Canva for Work helps resolve this obstacle with what they call “Brand Kits.”

Your Brand Kit is a centralized place with your brand colors, logos, and fonts. Any updates changes, or additions to your brand can be placed here so anyone on your team who creates images maintains consistency.

Choose Your Own Adventure Image Resizing

Personally, one of the things that annoys me the most about visual content is image resizing.

Every freaking social media channel requires different sized images!

It makes me go insane and wastes endless time and energy. I’m pretty sure if Dante were in communications today, endless image resizing would be a task forced upon the inhabitants of the fifth circle of Hell.

And yet, it’s really important to maximize the effectiveness of your visual content.


Canva for Work allows you to quickly resize a design into all the formats you need with their “Magic Resize.” Create a design once, and optimize it for every need—every social media channel, blog, or other campaign collateral.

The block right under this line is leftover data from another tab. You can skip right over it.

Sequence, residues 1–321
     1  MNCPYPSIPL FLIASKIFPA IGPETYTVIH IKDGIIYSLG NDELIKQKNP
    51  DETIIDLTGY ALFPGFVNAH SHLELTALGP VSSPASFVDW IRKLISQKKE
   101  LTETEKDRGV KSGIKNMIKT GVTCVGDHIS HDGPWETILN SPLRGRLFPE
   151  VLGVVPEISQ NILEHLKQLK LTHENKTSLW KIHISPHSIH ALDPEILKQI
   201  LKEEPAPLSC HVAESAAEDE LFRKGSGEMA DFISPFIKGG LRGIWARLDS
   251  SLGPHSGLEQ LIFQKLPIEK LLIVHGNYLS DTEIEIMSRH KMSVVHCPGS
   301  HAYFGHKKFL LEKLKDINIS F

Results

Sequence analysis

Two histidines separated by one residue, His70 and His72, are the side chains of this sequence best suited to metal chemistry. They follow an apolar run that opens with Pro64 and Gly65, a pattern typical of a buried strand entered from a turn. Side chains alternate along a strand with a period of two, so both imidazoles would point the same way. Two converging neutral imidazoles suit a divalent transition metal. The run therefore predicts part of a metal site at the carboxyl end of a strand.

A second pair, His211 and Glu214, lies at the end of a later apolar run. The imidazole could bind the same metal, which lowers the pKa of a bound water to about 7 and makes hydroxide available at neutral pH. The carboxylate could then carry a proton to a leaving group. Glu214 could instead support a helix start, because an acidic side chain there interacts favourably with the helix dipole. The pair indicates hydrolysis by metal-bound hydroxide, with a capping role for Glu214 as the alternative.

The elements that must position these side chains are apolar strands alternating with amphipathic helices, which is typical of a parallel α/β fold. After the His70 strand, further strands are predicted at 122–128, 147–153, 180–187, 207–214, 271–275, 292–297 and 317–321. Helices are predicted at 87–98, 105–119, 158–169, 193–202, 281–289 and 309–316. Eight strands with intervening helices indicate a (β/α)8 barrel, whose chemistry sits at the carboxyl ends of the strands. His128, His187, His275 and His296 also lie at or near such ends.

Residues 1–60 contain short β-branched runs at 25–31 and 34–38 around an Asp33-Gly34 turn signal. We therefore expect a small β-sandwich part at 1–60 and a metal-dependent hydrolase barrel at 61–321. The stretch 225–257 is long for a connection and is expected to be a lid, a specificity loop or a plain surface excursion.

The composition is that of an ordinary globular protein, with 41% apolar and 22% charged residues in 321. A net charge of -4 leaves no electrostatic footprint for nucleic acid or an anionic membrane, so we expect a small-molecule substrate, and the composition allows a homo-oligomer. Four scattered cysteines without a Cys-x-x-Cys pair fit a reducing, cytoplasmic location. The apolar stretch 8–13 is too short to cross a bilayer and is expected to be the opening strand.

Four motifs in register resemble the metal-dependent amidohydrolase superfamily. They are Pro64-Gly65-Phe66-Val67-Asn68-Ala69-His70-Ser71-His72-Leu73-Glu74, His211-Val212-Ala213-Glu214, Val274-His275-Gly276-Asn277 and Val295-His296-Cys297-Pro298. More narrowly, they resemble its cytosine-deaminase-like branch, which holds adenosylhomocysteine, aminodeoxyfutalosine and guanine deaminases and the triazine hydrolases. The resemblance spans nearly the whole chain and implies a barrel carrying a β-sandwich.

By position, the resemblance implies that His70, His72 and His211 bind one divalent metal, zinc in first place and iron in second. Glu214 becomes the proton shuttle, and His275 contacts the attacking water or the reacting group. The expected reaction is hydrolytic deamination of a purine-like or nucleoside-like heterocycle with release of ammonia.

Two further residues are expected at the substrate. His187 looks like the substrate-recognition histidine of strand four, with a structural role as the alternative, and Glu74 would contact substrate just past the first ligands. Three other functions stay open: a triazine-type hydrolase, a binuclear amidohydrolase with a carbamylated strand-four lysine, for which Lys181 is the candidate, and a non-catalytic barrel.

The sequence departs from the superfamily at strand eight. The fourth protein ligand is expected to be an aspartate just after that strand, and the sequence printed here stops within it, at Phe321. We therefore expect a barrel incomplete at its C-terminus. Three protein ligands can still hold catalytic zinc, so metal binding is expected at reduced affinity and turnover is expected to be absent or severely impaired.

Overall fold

This also means anyone on your team can take an image already made and adjust it for their particular needs.

Which brings me to our next lesson…..

Collaboration Always Encourages Success

As you know, we believe in an integrated communications approach. This means there are no silos between media types on any of our client campaigns.

Everything and everyone must work together to ensure success.

We have a lot of project management and project flow systems in place to make sure each team member is fully aware of the operations and activities of other team members.

So, for example, if our earned media lead for a client is pitching a variety of publications or influencers on a subset of topics, you better believe our shared media lead is aware and responding accordingly through networking and relationship building on a social side, and our owned media lead is writing and optimizing content which clearly displays the angle of thought leadership being pitched.

Canva for Work has done a great job from a collaboration and integration standpoint. Because your team all has access to one account all visual assets easily exist in one place for other team members to use or adjust for their particular needs.